Just 20 years ago, a “real-time payment” meant handing someone cash, and many business’s main method of paying their vendors was writing checks, sending them in the mail, and waiting several days for them to process. Today, payments are cleared much faster when using methods such as Same-Day ACH.
Despite Same-Day ACH – which itself was implemented and rolled out by NACHA, The Electronic Payments Association, a few years ago – significantly increasing the speed of payments, demands for faster processing still linger. Driving the demand for faster payments – cleared in minutes or even seconds – are consumers, technological innovation, and businesses themselves looking for more efficient ways to send and receive payments. As a result, The Clearing House (TCH) introduced a real-time payments network (RTP), which represents the first major upgrade in electronic payments since the Automated Clearing House (ACH) was created 40 years ago and Check 21 launched in 2001.
What is a real-time payment?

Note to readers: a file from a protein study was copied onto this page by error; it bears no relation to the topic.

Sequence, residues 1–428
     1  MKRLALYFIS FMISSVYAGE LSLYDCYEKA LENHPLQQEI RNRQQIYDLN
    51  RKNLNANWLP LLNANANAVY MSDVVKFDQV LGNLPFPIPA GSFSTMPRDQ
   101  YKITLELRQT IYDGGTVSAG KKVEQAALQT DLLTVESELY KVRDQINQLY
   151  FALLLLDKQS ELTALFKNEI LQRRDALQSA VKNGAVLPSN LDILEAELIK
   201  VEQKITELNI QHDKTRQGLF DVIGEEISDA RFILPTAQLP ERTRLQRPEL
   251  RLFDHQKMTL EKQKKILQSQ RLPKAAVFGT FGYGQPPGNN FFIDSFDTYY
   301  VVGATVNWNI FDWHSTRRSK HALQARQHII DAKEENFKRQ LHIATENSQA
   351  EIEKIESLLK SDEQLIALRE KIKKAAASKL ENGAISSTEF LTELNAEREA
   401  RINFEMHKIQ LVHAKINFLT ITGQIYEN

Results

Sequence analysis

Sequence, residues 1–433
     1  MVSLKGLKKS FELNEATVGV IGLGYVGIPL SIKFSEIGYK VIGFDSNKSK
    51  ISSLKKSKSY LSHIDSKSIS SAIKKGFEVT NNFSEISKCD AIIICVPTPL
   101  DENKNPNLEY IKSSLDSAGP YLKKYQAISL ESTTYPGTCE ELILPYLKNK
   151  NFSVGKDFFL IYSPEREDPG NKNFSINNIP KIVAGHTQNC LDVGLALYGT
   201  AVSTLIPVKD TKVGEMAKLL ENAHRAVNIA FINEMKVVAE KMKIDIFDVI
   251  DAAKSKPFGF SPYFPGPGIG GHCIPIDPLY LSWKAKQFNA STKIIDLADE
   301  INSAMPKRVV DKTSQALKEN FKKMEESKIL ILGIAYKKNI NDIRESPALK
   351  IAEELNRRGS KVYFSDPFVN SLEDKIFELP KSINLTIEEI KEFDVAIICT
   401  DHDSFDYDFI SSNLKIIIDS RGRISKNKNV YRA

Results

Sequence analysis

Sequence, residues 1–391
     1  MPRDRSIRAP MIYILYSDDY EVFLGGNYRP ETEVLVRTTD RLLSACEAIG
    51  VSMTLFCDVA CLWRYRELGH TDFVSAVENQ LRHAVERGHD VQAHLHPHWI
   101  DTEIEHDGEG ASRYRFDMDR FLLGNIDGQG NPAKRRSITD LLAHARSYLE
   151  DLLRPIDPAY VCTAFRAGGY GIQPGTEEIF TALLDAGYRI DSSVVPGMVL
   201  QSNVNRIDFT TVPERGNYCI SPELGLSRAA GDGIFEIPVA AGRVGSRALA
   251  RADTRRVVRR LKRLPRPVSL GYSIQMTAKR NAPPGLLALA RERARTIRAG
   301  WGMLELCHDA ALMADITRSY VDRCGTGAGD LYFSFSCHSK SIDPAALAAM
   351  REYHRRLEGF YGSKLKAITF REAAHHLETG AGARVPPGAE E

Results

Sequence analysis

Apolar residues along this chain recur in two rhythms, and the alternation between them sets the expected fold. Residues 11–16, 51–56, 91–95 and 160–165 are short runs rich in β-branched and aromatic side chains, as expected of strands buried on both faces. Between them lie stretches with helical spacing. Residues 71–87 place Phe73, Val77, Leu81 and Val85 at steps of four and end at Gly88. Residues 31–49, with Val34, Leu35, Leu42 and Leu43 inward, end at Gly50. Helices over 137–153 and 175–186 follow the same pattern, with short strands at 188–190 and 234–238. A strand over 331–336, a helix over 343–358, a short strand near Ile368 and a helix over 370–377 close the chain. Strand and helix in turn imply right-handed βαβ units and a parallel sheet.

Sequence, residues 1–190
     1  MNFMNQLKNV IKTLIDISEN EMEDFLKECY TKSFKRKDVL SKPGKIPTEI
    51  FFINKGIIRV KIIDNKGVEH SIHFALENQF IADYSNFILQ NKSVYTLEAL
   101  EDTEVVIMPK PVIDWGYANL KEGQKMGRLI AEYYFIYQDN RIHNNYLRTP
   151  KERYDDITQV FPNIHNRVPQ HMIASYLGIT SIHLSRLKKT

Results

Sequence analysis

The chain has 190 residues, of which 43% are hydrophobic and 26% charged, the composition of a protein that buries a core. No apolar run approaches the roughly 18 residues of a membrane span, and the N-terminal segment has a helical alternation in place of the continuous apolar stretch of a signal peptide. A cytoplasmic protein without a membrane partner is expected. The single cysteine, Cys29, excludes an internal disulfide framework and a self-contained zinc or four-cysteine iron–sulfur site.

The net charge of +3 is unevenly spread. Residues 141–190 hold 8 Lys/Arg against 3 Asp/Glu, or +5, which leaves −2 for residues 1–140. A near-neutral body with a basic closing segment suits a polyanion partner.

A real-time payment is a payment that is transferred immediately and cleared within minutes. Unlike Same-Day ACH payments, which are processed in batches and require payments to be submitted within a certain window of time, real-time payments are settled instantly.
What are the advantages and disadvantages of real-time payments?
Like with any new development, there are benefits as well as potential disadvantages to keep in mind. Here’s a breakdown of each:
Where does the United States stand in adoption of real-time payments?
Adopting a real-time payments strategy broadly in the United States will require all of its key players throughout the private and public sector to agree on a comprehensive approach to adoption and implementation. In many other countries across the globe, adoption is mandated by the government or the central bank, making the transition easier and straightforward. Therefore, we are seeing higher adoption rates outside of the United States.
What’s next for real-time payments?
Many private and public sector players in the United States are working both collaboratively and independently to create an infrastructure and put a process in place that would in return create sustainability and allow for evolution of systems to address evolving security threats and aid in greater adoption of faster payments.
The Clearing House, which owns an RTP network, creates additional pressure for the Federal Reserve, who is still trying to decide whether the Fed should play a role in creating a payment rail that would allow for instantaneous settlement of payments. The RTP network provided by The Clearing House is live now and any financial institution can become a participant.